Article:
When Netherlands-based photographer Laura Hospes was hospitalized following a suicide attempt, she took her camera with her into unit UCP-UMCG, where she underwent treatment. Instead

of relinquishing her passion and aspirations, she continued to make self-portraits within the confines of her temporary residence.

The series UCP-UMCG, the photographer says, was born in part from the isolation inflicted by mental illness and social stigma. She and others dealing with depression, anxiety, or eating disorders aren’t “crazy;” these things can happen to anyone. And it’s lonely when it does.

Although Hospes began the UCP-UMCG portraits out of her own sense of urgency in making sense of her surroundings and in reaching moments of catharsis, she has since used them as a tool to communicate her experience to the important people in her life. It’s been difficult for friends and family to witness her suffering, but ultimately, the images have helped to cut through any sense of alienation to reveal the threads of support and connection that tie her to those she loves.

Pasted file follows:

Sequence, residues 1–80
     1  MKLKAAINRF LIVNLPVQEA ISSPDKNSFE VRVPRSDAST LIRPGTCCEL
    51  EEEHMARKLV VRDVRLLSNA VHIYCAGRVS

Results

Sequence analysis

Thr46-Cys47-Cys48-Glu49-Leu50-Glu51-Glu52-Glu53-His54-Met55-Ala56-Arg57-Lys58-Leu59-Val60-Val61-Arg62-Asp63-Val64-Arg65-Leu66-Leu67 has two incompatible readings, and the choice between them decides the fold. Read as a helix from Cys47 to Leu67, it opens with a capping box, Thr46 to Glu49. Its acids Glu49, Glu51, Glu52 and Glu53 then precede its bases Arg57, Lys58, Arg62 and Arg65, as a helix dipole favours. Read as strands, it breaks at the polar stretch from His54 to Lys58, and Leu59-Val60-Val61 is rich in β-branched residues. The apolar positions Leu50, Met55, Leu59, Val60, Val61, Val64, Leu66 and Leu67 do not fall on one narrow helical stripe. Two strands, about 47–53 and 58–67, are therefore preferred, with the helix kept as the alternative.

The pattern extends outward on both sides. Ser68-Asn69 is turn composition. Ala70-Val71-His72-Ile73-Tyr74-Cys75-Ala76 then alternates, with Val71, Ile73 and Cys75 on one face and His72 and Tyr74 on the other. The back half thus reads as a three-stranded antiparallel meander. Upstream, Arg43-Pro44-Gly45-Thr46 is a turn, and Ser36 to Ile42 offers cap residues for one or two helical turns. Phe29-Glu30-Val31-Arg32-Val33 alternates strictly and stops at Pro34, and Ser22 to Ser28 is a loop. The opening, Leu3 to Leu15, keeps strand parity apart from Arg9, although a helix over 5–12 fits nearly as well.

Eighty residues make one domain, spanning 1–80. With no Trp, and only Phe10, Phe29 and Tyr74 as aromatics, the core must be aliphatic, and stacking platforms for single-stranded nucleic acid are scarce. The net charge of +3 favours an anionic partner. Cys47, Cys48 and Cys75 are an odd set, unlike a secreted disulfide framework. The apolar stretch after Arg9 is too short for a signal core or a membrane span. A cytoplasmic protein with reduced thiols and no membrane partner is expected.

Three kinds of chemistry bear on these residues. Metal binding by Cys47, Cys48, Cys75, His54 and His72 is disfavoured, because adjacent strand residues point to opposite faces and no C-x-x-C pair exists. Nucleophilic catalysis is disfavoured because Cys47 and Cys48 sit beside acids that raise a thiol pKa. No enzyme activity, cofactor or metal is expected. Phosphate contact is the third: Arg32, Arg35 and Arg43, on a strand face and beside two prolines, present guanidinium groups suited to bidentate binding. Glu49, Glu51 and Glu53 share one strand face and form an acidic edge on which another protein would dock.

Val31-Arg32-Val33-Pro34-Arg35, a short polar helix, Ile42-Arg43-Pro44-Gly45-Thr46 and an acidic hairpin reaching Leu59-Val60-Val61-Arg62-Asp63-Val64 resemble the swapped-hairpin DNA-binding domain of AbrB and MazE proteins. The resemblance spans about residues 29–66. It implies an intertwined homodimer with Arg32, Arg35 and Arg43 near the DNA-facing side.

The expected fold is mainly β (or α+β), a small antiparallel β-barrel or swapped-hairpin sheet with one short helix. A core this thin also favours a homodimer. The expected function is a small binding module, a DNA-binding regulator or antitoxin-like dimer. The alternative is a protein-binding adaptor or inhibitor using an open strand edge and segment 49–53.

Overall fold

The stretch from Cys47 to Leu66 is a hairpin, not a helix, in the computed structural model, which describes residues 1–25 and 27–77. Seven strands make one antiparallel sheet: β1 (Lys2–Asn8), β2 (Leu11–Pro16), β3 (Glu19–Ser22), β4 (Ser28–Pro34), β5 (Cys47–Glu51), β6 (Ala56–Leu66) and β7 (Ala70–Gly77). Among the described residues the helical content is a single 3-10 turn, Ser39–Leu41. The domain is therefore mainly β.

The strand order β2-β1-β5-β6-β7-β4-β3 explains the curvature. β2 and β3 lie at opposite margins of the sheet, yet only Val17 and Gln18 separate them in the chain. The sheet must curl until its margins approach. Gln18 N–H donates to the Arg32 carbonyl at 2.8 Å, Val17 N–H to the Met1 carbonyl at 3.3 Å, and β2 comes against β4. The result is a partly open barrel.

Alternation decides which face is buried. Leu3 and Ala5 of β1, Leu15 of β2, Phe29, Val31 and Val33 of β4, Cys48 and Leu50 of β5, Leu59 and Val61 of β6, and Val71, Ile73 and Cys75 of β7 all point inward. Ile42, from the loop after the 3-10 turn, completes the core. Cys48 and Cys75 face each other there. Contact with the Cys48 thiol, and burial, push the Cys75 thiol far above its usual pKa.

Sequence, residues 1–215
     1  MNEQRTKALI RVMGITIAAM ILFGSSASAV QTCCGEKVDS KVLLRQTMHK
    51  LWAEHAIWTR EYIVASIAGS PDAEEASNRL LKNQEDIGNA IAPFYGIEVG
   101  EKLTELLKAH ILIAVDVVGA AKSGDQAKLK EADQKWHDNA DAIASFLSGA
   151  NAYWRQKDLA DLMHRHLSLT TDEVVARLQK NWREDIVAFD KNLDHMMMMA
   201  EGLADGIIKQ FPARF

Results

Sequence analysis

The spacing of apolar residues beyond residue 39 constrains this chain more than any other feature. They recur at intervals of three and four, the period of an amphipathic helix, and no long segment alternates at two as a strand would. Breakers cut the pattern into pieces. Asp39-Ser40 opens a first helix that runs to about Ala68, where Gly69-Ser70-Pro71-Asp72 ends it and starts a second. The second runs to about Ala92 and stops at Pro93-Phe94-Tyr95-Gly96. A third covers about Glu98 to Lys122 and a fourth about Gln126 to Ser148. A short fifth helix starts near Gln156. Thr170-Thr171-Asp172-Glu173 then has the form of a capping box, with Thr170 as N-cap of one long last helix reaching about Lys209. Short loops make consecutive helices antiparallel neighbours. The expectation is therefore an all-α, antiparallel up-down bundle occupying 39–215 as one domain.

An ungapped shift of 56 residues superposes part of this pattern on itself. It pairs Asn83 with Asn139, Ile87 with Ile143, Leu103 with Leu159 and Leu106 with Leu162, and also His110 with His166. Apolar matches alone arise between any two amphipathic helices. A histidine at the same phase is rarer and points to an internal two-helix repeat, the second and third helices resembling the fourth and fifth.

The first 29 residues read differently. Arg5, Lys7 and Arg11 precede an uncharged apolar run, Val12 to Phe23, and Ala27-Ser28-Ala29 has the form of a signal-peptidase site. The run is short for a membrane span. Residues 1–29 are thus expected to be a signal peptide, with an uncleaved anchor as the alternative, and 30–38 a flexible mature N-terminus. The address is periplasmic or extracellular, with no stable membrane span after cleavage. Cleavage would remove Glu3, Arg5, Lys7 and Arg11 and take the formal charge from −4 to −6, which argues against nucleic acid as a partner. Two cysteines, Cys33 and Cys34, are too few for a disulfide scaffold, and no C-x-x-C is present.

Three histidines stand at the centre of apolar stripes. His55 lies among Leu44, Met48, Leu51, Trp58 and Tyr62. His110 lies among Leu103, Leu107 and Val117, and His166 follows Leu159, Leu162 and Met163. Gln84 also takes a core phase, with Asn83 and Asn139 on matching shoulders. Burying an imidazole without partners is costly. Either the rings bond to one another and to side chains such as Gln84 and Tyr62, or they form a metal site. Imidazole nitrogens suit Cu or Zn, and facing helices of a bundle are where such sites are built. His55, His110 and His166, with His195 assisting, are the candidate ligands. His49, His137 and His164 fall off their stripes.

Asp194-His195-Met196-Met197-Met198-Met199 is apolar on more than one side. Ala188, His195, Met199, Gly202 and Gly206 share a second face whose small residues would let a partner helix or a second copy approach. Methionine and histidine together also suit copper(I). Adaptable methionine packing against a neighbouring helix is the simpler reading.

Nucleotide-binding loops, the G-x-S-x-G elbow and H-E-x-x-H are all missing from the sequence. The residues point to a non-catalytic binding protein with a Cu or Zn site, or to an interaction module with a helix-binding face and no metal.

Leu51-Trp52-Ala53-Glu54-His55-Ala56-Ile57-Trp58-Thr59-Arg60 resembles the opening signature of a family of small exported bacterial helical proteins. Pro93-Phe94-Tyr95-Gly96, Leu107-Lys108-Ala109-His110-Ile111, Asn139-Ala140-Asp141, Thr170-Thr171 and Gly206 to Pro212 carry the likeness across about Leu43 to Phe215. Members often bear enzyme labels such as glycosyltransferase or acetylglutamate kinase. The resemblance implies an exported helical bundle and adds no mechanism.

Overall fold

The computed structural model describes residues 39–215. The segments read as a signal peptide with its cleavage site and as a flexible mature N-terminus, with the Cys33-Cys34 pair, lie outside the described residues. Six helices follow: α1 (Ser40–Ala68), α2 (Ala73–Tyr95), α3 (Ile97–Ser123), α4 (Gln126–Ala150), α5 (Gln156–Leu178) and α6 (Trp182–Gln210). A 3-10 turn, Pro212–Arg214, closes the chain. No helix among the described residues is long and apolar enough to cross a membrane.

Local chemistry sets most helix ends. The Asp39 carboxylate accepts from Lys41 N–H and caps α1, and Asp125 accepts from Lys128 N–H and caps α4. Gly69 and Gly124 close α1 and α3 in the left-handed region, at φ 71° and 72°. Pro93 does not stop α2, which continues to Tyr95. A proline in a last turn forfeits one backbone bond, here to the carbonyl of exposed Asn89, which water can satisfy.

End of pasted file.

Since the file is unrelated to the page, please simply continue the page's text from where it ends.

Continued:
Making images while in the hospital was at times arduous for the photographer, but she pulled herself up by the bootstraps each day and made herself face the lens. Day by day, she was—in her own words—“surviving.” She’s still here.









All images © Laura Hospes

via Marie Claire

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